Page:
This picture might not be the prettiest, most creative, or most blogworthy. This is because the picture, and all of the others in this post, were taken on Snapchat several years ago on a severely outdated phone. But it popped up on my Snapchat memories today and it brought back all the feels.
Five years ago, my husband (then-boyfriend) and I packed up all we could fit into one car, sold the other one, and moved from Iowa to North Carolina. Our plan was to get out of the state for a little while, see the world, and then come back after a year or so.
To be honest, this part deserves its own post. The part where even though I was the one who always wanted to leave, I thought my husband was crazy for suggesting we leave our cozy, comfortable small town. The part where the second we stepped foot in North Carolina, a part of me knew I’d never go back to Iowa (even though I hated it there for the first 6 months). The part where we followed big, massive dreams that scared us and because of it, accomplished bigger things than we ever could have imagined. Yes, these parts deserve their own post, and in time those posts likely will come, but today’s post is about all of those things mixed into one. It’s nostalgia. Change. Growth. All of which was inspired by that first picture, taken on an outdated phone app several years ago.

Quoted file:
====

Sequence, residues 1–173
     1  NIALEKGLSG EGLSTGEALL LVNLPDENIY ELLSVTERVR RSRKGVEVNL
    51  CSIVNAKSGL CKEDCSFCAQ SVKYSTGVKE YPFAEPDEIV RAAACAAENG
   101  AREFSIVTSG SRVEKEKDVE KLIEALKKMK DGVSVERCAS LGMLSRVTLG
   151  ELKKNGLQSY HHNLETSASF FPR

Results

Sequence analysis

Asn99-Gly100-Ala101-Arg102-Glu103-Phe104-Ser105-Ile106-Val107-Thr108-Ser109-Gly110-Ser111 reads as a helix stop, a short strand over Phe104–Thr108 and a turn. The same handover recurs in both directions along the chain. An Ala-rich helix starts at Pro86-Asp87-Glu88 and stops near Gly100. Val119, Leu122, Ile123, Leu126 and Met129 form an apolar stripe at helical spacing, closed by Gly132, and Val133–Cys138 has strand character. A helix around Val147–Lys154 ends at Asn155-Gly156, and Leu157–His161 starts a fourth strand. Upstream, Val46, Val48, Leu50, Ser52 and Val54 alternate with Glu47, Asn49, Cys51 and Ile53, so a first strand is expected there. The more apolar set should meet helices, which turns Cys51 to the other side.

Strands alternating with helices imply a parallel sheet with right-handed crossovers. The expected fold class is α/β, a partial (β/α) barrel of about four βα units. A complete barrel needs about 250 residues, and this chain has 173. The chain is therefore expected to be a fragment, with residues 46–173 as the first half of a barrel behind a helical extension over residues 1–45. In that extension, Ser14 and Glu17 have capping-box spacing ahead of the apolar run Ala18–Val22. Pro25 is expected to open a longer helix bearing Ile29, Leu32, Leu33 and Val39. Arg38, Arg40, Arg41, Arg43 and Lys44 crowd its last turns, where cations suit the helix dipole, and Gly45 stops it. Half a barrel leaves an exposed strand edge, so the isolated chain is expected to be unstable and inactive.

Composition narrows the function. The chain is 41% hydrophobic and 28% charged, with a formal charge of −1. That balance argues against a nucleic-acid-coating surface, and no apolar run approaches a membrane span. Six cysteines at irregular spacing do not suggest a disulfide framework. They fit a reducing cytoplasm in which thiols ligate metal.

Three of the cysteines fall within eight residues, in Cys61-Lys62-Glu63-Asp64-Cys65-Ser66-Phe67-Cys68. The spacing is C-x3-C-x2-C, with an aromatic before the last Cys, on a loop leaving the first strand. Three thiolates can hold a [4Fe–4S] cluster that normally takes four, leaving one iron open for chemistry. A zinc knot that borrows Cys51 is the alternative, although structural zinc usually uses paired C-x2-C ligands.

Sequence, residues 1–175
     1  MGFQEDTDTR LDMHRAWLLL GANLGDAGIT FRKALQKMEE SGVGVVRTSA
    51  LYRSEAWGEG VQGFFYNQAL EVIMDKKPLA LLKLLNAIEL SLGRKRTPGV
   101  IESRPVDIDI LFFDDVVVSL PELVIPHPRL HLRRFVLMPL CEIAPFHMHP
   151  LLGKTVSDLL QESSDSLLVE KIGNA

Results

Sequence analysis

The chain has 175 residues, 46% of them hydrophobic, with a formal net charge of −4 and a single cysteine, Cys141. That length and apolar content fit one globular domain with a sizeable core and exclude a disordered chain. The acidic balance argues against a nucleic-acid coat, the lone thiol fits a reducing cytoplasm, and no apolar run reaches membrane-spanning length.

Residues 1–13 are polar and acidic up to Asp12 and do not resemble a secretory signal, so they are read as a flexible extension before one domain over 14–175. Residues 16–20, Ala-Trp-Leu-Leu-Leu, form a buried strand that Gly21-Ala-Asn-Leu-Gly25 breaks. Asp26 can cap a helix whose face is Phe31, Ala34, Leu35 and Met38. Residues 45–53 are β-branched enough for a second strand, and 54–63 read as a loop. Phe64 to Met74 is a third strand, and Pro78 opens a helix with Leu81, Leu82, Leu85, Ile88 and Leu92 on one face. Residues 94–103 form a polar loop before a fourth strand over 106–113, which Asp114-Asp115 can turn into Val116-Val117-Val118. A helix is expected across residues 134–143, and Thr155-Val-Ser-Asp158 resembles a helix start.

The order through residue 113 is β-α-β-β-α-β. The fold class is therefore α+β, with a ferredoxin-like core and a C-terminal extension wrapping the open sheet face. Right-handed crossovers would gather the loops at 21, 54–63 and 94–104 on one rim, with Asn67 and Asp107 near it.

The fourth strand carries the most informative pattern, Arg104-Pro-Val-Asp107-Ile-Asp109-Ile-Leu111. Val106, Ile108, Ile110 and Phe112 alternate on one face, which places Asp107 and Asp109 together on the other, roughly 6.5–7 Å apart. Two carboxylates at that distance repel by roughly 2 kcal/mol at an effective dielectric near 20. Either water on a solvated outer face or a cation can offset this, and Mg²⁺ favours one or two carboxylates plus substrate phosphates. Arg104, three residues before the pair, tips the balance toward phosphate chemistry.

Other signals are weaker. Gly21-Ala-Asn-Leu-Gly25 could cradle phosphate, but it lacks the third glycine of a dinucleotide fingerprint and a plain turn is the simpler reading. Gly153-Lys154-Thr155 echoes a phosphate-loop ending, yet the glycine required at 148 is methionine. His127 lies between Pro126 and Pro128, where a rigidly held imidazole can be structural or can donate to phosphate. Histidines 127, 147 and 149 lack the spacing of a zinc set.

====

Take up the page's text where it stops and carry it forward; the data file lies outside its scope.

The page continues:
I’ve always had an obsession with water. Pools, rivers, lakes, or otherwise, it didn’t really matter. Where the water is has always been where I want to be. But there’s always been something extra-special about the ocean, and it was always [what seemed like] a far-fetched dream of mine to settle down on the coast. While I didn’t love North Carolina at first, it grew on me over time, then quickly became home. I loved going to the beach every chance I got, buying fresh seafood on the market on my way home, soaking in the true meaning of Southern Charm, and walking miles along the coast (especially in winter when it was too cold for anyone else to be there). Even when we didn’t love it there, we didn’t take our time in North Carolina for granted and visited parts of North Carolina that people who have lived there for their entire lives never saw. In retrospect, this is probably exactly how we learned to love it there so much. This isn’t the point of my post, but I can’t fail to mention – see what happens when you make the best out of the situation? You have potential to end up liking it.